Consumers and taxpayers (YOU)

  • The construction of the desalination plant will take two years and will cost $2 billion, not including maintenance once it’s up and running—a considerable investment! In addition, it appears that it will cost us more money to use this water and the amount could double if you’re a high-volume consumer.
  • The government hopes to make desalination greener and cheaper by spending $7.6 million on research over the next three years. The aim of this project is to find new materials that will halve the power needed for desalination, making it kinder to the environment and your wallet.

This page was updated by kate elise

How do I know this?

ABCNews, 2007, ‘Conservationists warn of dangers of desalination’, ABC, 19 June,  

ABCNews, 2007, ‘NSW Govt signs desalination contract’, ABC, 25 July,  

Australian Water Association, 2007, Desalination, AWA,

California Coastal Commission 1993, Seawater Desalination in California,  

Frew, W 2005, ‘Plant threatens to double Sydney water bills’, The Sydney Morning Herald, 20 July,  

Frew, W. & AAP, 2007, ‘Higher dam levels be damned: state pushes desalination’, The Sydney Morning Herald, 22 June,  

Hartcher, Chris, 2008, ‘Nathan Rees Tipped as Premier in Waiting’, The Australian Liberal Party, 4 September

Macey, R. 2007, ‘Push to slash cost of desalination’, The Sydney Morning Herald, 19 May,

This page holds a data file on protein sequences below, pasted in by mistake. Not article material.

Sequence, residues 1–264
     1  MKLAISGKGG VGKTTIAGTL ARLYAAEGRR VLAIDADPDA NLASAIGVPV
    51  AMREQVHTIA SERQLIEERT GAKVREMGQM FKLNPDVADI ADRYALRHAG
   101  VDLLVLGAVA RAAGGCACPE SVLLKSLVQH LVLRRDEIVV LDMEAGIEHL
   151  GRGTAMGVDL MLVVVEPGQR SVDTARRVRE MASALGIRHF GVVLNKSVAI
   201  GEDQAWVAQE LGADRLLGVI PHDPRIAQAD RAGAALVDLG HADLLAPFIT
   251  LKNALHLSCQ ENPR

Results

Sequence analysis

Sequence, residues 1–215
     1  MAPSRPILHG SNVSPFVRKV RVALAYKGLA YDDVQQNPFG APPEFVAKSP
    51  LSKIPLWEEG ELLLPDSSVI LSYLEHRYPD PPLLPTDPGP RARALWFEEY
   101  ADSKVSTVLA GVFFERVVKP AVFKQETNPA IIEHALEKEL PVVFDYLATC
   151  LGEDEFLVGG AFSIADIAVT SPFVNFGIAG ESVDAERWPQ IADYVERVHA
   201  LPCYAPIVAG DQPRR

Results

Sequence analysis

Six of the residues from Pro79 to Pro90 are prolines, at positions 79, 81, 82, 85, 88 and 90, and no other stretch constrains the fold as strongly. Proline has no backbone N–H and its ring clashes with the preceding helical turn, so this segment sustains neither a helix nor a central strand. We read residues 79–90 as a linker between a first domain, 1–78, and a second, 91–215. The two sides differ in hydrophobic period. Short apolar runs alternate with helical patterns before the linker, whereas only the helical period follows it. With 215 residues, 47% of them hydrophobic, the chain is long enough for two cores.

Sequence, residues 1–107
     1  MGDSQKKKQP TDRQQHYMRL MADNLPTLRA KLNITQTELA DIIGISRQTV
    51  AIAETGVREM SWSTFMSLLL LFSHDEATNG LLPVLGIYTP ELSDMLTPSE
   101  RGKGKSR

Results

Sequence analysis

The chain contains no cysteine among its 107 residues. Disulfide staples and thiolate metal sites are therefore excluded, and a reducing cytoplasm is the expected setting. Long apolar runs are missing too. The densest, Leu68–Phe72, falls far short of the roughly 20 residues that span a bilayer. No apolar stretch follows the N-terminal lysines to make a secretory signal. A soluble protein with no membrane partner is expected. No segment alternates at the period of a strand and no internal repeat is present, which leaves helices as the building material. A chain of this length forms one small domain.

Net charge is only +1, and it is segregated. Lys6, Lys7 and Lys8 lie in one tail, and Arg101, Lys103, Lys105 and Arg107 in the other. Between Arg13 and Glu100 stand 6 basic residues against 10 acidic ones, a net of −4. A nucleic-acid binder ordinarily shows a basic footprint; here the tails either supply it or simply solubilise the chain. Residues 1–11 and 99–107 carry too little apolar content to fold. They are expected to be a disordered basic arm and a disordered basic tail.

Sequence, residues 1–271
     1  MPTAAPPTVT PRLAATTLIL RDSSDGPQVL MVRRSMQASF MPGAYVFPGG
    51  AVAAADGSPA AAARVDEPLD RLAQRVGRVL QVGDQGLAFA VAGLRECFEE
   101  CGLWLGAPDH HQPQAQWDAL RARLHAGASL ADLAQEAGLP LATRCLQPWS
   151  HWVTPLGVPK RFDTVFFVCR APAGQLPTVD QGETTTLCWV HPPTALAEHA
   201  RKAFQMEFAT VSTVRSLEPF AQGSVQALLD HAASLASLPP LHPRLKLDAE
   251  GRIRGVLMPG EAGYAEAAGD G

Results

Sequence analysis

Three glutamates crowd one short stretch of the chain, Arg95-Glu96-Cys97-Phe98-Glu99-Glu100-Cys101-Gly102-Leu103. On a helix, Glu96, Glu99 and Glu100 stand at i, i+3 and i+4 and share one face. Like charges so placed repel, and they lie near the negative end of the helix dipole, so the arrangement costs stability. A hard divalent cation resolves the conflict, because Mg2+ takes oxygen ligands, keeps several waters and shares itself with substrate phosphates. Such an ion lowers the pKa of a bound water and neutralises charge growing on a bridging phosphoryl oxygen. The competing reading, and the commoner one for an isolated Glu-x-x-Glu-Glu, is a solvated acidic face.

Nature Conservation Council of New South Wales,  

Skatssoon, J 2005, ‘Desalination: taking the plunge’, The ABC,  

Sydney Water, 2007, Contract signed for Sydney’s desalination project, Sydney Water,

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Seffo 13-Dec-2007

If every home in Australia had a water tank, or water collection system, there would be no need for a desalination plant... river flows could be increased and half a dozen other issues resolved.
I'm Sydney based and the tank rebate from the NSW government is a joke, almost no incentive at all!
They should dump the desalination plant and invest the money in the rebate scheme, after all most of the rainfall is on the coast and we just let it go down the stormwater system.



funnelweb 01-May-2007

Well, water recycling is dead in NSW. How much water is released into the ocean from stormwater after it rains? Desalination is an expensive and environmentally damaging band-aid solution that will not solve the water crisis in NSW.



Grant's Profile 10-Oct-2006

Great article. I do hope that governments invest in water recycling instead. By all accounts (the ones I've seen anyway) it's much more cost effective, and has far less of the issues that desalination has.